Above all we are commanded to love, honor and respect our parents who brought us into the world, continuing the original act of Creation and expanding the universal family of love. As St. Paul tells us: Children, obey your parents in everything, for this pleases the Lord (Col. 3:20). Further, if we are unable to love and honor our parents, how could we begin to love and honor our neighbor? This commandment also contains a promise, as St. Paul points out, that it may be well with you and that you may live long on the earth (Eph. 6:3).
Applying this commandment to our earthly lives, we are to render the same respect to anyone put in authority over us (Eph. 6:5–8), whether they be the secular authorities, as St. Paul tells us: Let every person be subject to the governing authorities. For there is no authority except from God.… Pay all of them their dues…respect to whom respect is due, honor to whom honor is due (Rom. 13:1,7), or our religious authorities our Priests and Bishops: Obey your leaders and submit to them; for they are keeping watch over your souls, as men who will have to give account (Heb. 13:17). Let the elders who rule well be considered worthy of a double honor, especially those who labor in preaching and teaching (1 Tim. 5:17).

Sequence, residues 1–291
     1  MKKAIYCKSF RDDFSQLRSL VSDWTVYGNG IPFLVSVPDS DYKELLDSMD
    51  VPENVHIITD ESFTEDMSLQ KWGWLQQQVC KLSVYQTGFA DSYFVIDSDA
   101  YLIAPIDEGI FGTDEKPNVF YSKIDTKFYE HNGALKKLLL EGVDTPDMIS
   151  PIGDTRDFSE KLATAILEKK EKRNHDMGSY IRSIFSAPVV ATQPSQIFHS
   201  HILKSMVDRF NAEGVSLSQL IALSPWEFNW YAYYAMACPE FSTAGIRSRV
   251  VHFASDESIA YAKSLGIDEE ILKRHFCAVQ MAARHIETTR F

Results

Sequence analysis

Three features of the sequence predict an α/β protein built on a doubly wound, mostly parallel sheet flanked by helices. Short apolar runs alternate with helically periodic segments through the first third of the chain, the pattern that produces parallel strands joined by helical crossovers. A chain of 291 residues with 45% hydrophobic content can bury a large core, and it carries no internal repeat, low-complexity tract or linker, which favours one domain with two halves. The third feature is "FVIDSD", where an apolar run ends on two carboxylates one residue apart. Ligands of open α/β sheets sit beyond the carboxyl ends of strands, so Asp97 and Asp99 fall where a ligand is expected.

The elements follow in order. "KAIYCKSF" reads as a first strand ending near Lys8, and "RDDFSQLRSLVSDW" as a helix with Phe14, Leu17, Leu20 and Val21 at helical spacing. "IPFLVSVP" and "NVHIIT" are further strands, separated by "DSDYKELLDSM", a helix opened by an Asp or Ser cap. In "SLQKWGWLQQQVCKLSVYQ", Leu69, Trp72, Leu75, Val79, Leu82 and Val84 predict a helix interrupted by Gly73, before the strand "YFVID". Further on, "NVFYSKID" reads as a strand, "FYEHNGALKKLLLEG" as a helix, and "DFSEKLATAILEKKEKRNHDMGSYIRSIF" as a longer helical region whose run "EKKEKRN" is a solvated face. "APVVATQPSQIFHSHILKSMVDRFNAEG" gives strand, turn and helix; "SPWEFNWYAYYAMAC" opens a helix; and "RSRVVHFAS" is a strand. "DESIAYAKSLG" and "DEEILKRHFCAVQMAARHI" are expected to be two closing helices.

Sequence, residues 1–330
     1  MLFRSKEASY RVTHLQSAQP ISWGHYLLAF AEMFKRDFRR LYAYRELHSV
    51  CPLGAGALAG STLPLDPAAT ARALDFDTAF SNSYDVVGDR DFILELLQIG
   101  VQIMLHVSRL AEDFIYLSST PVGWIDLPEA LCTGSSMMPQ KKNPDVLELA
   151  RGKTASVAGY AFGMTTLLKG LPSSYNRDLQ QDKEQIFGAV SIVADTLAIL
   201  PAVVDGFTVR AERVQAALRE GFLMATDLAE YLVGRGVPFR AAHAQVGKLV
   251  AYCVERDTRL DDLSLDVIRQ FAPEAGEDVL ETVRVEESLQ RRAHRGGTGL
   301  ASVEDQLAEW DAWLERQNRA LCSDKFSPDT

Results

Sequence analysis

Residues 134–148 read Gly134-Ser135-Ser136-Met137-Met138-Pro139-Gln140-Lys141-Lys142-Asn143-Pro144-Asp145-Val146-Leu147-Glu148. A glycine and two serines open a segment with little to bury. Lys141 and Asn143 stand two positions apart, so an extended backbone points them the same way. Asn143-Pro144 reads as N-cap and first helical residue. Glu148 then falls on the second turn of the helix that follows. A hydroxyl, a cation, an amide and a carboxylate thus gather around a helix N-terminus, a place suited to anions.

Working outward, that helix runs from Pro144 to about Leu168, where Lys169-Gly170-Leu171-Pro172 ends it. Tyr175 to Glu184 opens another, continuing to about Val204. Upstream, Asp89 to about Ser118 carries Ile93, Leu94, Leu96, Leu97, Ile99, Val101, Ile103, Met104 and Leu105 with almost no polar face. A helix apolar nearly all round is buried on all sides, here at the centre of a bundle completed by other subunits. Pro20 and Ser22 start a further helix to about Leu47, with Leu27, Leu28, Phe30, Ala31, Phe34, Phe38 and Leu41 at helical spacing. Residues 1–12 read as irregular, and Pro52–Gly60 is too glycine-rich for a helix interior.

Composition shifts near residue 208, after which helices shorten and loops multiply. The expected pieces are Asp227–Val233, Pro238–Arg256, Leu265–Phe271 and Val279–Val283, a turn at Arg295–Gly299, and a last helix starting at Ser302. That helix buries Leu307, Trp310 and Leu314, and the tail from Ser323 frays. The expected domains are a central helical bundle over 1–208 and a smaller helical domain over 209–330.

6. You shall not kill.
From earliest times, the taking of a life has been considered to be a very serious matter, indeed. Life is given by God and only God has the absolute right to take it away; for every man bears the Image of God within himself. It is for this reason that even the taking of one’s own life (suicide) is so strongly condemned. Yet, one can be killed not only by another man’s hand (or his own), but also by one’s words by the actions of his tongue the ruining of one’s reputation, character or standing; for, as St. James says, the tongue is a fire…a restless evil, full of deadly poison, with it we bless the Lord and Father, and with it we curse men, who are made in the likeness of God (James 3:6,8–9). How many times has a man been killed, so to speak, not only by malicious talk, but also by merely idle talk by gossip? Even the seemingly idle harmless talk can kill and it is this that St. Paul refers to, as follows: Let no evil talk come out of your mouths, but only such as is good for edifying, as fits the occasion, that it may impart grace to those who hear (Eph. 4:29).
The fact that not only physical killing kills is witnessed to by our Lord when He says, Whoever causes one of these little ones who believe in Me to sin, it would be better for him to have a great millstone fastened round his neck and to be drowned in the depth of the sea (Matt. 18:6). Just causing one to sin is a terrible crime! As St. John tells us, even bearing hatred in one’s heart towards another is the same as killing: Any one who hates his brother is a murderer, and you know that no murderer has eternal life abiding in him (1 John 3:15).